The trick is to use the least absorbent components of the salad to create a barrier between the dressing and the more delicate leaves and toppings. Start with the dressing as the base layer, followed by grains, legumes, and hard vegetables like cooked potatoes, beets, and carrots. Next, add your proteins -- anything from cheese to meats to tofu. Then throw in more delicate vegetables and fruits like tomatoes and strawberries. Finally, add in your greens: Kale, romaine, and other sturdy greens work best. Top with nuts, seeds, and other crunchy add-ons -- like roasted chickpeas and tortilla chips -- and seal the jar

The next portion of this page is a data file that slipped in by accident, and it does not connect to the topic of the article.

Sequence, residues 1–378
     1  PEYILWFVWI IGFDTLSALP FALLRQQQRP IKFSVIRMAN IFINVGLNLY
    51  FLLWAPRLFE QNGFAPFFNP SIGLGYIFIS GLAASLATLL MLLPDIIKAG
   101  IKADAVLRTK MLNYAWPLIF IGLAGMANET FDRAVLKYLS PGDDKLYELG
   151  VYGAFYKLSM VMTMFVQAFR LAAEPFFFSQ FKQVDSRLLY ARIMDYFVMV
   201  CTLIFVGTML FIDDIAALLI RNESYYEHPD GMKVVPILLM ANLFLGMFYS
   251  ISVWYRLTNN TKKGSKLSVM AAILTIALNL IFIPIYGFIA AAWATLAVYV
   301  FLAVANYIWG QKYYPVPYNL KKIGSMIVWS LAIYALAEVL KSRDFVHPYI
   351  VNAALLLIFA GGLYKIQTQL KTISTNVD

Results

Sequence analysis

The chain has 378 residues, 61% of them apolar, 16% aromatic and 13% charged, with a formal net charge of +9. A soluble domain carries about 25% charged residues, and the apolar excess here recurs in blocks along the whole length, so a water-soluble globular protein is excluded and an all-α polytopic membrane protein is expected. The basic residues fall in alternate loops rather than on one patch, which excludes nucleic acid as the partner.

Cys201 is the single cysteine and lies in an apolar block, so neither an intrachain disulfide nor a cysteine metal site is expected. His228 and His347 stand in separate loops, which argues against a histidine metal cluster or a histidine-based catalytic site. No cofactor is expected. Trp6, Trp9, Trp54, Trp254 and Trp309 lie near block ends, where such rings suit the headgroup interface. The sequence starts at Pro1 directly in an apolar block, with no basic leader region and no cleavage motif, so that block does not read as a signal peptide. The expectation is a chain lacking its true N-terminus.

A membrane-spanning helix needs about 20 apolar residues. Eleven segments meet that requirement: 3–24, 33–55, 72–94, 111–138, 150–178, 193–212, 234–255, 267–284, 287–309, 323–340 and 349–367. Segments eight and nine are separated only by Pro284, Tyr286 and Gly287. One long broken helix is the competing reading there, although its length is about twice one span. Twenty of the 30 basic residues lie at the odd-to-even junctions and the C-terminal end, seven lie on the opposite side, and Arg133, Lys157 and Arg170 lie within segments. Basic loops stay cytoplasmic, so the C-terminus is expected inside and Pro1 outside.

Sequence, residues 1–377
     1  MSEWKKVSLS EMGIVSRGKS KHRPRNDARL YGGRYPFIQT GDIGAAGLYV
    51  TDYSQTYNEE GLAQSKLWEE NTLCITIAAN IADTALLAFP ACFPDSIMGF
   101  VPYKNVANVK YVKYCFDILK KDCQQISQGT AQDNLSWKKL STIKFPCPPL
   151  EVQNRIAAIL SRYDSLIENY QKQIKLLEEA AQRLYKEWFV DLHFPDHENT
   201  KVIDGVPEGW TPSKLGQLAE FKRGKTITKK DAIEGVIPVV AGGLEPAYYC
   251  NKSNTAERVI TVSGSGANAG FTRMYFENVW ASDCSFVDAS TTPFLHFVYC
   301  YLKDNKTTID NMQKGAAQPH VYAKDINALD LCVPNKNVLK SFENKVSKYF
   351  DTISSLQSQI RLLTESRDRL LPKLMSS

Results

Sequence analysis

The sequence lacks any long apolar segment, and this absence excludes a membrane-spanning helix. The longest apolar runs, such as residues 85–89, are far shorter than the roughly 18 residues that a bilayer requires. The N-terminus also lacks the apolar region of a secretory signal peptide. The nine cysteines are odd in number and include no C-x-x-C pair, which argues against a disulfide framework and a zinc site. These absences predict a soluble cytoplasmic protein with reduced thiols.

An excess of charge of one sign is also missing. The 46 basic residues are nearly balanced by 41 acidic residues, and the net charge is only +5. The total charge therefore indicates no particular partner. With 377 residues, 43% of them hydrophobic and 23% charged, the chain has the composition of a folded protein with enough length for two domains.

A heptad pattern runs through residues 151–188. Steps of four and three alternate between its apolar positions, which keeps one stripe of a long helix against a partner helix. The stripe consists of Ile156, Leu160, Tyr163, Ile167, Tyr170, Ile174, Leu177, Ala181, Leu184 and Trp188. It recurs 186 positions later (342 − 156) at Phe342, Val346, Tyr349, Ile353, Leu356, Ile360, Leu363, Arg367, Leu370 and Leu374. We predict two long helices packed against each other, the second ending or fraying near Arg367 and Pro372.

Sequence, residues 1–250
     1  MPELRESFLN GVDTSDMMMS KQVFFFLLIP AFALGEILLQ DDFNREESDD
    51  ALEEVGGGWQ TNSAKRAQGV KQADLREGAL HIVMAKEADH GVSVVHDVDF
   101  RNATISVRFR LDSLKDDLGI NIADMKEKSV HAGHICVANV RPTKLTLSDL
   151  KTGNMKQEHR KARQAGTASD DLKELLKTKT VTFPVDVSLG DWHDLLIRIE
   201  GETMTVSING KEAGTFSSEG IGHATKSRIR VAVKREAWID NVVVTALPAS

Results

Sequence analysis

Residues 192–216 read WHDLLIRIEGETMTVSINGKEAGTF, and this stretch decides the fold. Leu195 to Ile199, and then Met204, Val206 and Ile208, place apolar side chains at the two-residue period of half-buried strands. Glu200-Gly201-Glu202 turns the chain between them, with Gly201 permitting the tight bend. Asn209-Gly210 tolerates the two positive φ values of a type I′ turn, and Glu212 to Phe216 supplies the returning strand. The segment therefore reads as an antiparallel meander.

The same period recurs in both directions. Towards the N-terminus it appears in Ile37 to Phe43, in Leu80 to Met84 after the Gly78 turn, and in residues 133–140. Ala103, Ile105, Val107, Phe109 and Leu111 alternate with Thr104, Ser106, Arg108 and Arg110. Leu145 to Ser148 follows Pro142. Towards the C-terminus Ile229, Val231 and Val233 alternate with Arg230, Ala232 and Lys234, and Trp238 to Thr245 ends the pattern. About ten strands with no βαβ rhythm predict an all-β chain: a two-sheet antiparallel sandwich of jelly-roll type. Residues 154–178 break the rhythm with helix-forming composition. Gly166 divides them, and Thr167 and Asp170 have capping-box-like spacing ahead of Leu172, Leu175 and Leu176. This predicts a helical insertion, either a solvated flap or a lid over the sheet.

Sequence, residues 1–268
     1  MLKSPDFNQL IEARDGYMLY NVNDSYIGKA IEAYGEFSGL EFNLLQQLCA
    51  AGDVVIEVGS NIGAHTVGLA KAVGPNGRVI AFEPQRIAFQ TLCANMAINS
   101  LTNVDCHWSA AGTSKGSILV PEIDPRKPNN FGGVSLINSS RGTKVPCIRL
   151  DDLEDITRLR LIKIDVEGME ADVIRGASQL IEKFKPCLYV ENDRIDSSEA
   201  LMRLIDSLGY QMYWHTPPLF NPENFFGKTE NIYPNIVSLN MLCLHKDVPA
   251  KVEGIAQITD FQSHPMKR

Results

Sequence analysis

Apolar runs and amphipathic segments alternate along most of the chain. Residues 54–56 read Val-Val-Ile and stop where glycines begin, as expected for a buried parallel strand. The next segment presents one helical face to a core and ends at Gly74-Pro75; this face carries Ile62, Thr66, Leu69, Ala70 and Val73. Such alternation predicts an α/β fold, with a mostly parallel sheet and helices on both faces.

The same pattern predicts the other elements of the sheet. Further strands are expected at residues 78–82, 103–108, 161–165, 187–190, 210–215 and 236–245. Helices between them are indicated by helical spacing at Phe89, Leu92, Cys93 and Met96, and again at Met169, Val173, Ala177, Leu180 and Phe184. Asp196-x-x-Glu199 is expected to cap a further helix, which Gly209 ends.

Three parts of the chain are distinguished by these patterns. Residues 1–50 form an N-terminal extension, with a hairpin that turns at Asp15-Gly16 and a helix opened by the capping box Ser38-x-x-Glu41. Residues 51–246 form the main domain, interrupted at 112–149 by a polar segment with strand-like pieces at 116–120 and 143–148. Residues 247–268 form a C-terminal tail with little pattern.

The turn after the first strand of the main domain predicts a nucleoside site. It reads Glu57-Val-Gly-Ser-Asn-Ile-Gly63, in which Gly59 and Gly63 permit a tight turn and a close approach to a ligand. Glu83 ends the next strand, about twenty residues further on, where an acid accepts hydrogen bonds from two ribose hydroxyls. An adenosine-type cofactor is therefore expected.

Come lunchtime, shake the contents of the jar into a bowl. You’ll end up with a perfectly layered salad with crisp greens on the bottom and dressing to top it all off. 

Photos by James Ransom

Tell us: What meals do you pack in a jar? 

See what other Food52 readers are saying.

  • Erin Williams
    Erin Williams
  • Keka De
    Keka De
  • Bascula
  • Eva
  • Edith Glavtcheff
    Edith Glavtcheff
Student, aimless wanderer of grocery store aisles, almond butter's number one fan.


Erin W. May 21, 2021